What is Happening in Myanmar is Genocide

At the end of September, the State Department released its report documenting the “well-planned and coordinated” campaign of violence against Rohingya Muslims in Myanmar. The report involved interviews earlier this year with more than 1,000 Rohingya refugees in camps in Bangladesh, where more than 700,000 Rohingya have fled since the latest crackdown began in August 2017.

Even before the report’s official release, now outgoing U.S. Ambassador to the United Nations Nikki Haley said that the State Department’s findings were “consistent” with those in a report last month by the United Nations Fact Finding Mission on Myanmar — which ultimately called for generals in Myanmar’s military, also known as the Tatmadaw, to be tried for genocide and war crimes against the Rohingya.

Even so, the United States has noticeably stopped short of calling the violence genocide; in the past, former Secretary of State Rex Tillerson and current Secretary of State Mike Pompeo have used the term “ethnic cleansing,” but there have been fierce internal debates as to going a rhetorical step forward towards “genocide.” Given the extensive reporting underway in Myanmar — often at great personal risk to journalists — and with these reports by the United States and the United Nations in hand confirming the widespread violence against the Rohingya minority, using the term genocide is warranted. The United States should make such a statement and, crucially, pair it with action such as: calling on our allies to firmly denounce the violence, providing additional humanitarian aid to Bangladesh, imposing further carefully targeted sanctions upon those responsible for the atrocities, and continue urging countries to suspend arms sales to Myanmar’s military.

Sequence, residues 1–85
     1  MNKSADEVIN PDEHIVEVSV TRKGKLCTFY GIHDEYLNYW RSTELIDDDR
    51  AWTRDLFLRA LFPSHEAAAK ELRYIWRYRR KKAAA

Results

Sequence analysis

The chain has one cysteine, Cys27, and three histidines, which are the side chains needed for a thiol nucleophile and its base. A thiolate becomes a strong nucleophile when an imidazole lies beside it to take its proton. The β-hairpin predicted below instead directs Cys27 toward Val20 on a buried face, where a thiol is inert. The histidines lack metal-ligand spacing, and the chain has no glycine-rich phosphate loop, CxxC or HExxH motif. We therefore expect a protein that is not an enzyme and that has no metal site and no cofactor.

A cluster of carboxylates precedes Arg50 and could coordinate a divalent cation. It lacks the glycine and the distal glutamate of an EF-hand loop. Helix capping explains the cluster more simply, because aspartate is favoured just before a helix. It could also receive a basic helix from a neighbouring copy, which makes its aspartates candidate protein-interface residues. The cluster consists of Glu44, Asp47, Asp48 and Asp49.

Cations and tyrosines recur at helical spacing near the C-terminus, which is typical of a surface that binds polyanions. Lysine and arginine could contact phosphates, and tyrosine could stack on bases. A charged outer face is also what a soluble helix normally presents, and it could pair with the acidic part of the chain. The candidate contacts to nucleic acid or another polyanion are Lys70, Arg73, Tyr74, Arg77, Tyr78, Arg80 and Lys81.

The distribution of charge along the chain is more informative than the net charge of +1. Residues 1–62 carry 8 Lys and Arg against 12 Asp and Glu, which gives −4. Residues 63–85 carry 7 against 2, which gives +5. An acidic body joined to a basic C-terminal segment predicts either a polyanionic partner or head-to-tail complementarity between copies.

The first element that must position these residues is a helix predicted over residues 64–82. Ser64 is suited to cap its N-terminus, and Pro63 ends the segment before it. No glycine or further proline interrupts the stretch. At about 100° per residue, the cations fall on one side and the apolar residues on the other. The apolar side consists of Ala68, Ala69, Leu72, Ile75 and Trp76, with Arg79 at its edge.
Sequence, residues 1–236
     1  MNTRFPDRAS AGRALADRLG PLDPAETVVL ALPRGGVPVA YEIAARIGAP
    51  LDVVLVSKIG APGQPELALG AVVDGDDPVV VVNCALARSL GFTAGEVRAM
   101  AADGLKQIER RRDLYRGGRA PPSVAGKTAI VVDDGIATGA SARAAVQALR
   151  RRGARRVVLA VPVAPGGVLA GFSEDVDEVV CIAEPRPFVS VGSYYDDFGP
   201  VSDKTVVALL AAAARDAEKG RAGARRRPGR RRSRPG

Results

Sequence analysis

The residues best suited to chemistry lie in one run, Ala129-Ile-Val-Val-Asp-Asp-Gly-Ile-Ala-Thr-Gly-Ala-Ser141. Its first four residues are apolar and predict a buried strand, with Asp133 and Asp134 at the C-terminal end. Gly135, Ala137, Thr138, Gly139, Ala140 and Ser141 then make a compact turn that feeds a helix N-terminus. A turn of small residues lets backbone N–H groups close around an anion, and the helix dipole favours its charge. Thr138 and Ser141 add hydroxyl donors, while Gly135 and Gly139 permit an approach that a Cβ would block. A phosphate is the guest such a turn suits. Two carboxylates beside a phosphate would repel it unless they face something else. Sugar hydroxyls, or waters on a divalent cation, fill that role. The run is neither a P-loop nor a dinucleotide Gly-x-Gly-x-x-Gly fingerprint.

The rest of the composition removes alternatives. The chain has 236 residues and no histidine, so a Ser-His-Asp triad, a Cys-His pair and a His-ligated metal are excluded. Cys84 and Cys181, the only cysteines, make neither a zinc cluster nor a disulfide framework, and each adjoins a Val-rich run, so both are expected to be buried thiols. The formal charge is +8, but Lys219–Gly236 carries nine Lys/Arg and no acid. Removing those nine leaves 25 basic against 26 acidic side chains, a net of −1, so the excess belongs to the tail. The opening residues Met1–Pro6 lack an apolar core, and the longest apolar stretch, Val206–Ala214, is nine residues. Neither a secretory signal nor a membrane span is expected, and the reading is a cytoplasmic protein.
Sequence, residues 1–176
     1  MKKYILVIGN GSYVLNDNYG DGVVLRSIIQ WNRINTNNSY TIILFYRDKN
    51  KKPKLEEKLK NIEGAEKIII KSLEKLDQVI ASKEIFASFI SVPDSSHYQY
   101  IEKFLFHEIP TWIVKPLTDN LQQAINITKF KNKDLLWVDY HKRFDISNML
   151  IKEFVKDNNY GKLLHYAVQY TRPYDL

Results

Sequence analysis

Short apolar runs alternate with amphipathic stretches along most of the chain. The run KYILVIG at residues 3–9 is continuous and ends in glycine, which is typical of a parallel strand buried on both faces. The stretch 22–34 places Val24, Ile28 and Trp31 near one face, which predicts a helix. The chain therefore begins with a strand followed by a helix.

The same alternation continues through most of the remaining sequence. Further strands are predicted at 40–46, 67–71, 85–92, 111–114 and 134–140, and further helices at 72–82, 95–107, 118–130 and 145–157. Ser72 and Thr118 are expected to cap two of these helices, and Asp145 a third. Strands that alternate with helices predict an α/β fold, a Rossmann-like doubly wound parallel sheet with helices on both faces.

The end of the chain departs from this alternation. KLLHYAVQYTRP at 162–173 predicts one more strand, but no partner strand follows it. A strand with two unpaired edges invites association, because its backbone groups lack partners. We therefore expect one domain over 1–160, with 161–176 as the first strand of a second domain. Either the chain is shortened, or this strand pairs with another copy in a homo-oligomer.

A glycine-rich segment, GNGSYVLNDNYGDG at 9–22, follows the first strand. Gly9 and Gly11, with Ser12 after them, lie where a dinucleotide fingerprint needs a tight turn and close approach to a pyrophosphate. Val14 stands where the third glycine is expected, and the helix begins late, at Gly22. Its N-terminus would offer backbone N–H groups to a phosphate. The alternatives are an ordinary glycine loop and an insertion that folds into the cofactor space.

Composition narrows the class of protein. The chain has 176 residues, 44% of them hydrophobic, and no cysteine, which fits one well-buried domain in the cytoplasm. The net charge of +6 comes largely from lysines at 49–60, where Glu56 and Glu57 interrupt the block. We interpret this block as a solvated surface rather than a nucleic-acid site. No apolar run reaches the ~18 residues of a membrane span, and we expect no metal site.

This crackdown against Rohingya Muslims in the Rakhine State must be viewed as the latest crisis in decades — or perhaps even centuries — of oppression against this population, including a 1982 law that stripped the Rohingya of their citizenship. The Rohingya have since suffered legalized discrimination, segregation, infringements on births and marriages, as well as severe violence. In June 2012, this violence quickly escalated in reaction to the rape and murder of a Buddhist woman allegedly by Muslim men, sending more than 140,000 to camps for those internally displaced and giving rise to repeated deadly clashes for the years to come.

In September 2016, the State Counsellor of Myanmar, Aung San Suu Kyi, set up the Advisory Commission on Rakhine State, headed by former UN Secretary General Kofi Annan, to chart a way forward for the country. The commission released their recommendations urging the government to take “concerted action” on August 24, 2017 — but the following day, Rohingya militants, acting as part of the Arakan Rohingya Salvation Army (ARSA), attacked border police in Myanmar’s northern Rakhine state, resulting in the death of 12 security officers.